Our houses in the middle of our nights. Why do we wake when we wake? Does death in a dream slide past us—was it a cough, something in our bladder?
Now, downstairs (we went quietly barefoot on wood downstairs, but secretly we wanted someone else to wake—Come back to bed, honey—maybe to make love, but isn't that death passing, too?)—downstairs—we could be upstairs, but now we are not, and we feel night, feel silence.
But not silence. The refrigerator hums, and when the light goes on there's a plastic click inside, the sharp ping of a spark, outside a dark caw, a flash of water, heavy climb of wings—and there now, the sing-and-clatter, sing-and-clatter of a train. For a second we ache, we don't know why, but perhaps we wish we were on a train, travelling hopefully, leaning into a window, our cheek glassed, passing a fat, safe-looking house with a downstairs light on.
We switch on the computer. Listen to the noise, all physical, mechanical, but we think of where the connections might take us—but really trap us here?—with now the bickering fan, the faint prettle of static electricity, the monitor swelling. If we sit close, we will only hear the computer, the sad wail of its dusty bus, a siren, so far away that if we concentrate and catch it, it buzzes on our air, rises, falls.
Now we think, so loud. Is the computer loud? Loud to a bug, a germ, a virus like the one in us that made us wake. Now we can't hear the outside, the gentle train with one passenger, the goose rising, frightened—not sense the pad of night animals, damp footsteps, dripping rain, leaves.
We get up, and we go out from the den into the hall. We open the door and let the world be (inside we denied it, even the caw intruded, but now we allow it expression and it will assert itself). We open the door and cue the world. Go: teets, whistles, the near clatter of a heavy bird, left, right, everywhere. It is just the bird 9to5, marking territory like a pissing cat, but for those who like cliché, the dawn chorus, world, though almost it is sunless (the moon is high and almost full) and a frostmist ankles over the lawn to find the doorway, us, naked under our robe.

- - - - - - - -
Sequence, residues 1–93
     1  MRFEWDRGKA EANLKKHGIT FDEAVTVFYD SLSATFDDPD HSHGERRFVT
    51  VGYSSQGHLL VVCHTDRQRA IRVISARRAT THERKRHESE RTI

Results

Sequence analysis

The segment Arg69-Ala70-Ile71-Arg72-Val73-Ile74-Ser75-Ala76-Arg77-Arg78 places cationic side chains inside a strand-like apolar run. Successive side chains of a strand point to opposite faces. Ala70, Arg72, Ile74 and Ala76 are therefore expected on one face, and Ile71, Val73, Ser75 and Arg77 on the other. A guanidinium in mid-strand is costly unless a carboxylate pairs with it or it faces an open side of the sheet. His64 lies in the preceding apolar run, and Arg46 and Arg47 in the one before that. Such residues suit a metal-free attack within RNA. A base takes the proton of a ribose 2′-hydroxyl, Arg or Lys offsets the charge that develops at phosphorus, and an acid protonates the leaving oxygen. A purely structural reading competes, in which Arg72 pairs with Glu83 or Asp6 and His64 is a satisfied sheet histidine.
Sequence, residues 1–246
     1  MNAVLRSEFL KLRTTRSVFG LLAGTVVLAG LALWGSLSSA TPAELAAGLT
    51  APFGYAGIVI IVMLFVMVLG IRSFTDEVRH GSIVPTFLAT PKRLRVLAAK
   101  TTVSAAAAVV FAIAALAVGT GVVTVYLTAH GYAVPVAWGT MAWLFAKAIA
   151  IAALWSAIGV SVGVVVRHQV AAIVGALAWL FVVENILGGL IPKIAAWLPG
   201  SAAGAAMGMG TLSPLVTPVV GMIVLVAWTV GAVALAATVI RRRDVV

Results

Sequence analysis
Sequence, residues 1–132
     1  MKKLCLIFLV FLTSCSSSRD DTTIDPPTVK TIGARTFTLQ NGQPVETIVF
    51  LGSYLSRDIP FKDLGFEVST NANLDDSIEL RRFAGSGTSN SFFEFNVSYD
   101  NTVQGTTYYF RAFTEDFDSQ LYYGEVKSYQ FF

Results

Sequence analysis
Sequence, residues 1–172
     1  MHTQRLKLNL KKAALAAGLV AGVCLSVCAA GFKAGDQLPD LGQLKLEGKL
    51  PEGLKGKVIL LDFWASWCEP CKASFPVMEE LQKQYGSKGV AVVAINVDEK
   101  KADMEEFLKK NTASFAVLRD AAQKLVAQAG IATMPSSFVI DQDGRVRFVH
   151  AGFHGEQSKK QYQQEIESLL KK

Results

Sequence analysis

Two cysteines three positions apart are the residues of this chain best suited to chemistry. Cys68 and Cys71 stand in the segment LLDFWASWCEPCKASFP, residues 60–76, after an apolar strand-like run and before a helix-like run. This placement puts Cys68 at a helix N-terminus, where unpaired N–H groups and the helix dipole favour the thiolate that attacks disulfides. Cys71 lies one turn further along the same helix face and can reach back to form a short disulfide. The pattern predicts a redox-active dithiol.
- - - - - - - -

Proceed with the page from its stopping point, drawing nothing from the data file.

We are insufficiently romantic; the cold hurts. We close the door, go back to the computer.
This is where, and when, we enter this. We tick-tack, tic-tac type this, but in the very doing feel our return to hibernation, our denial, want to be outside, go outside, remember again why we chose to live in the country.
We get up, and we go out from the den into the hall. We open the door, and it's light, it's day. But we've been just five minutes. We were coughing. It's been just five minutes, but now we can see the lawn is green not silver-black, and we hear a low burn, a hum, a generator; no, it's a road, steady passings, boxes rolling. We know the air parts, and behind the glass is a face, the face looking through its reflection following the fullbeam bluelight, the white dotted lines—this way, wake up. Actually, they are not dots. They are short lines, on and on, morse o upon o upon o, unless it's s after s after s. Either way it feels right, but we'd like to know. We look up morse in the dictionary.
It's going, whatever it was. We are awake now, in a day now, with a little knowledge: F.B. Morse died in 1878, a morse is a sea-horse, morsing is the act of priming a gun, morsure is the act of biting.
We are coughing again, coughing like we did when we woke, five minutes, fifteen, a day ago, when the fox padded across the golf links, a Canada Goose flurried over the lake, the trees were spirits, not just trees, the moon was fat and incredible.
But the mist had our ankles. It was cold and it threatened the house. We closed our doors and went inside, typed some stuff, nothing that mattered, finished it, printed it, made coffee, toast, then went for a bath, figuring maybe around eleven we might grab half-an-hour, dream.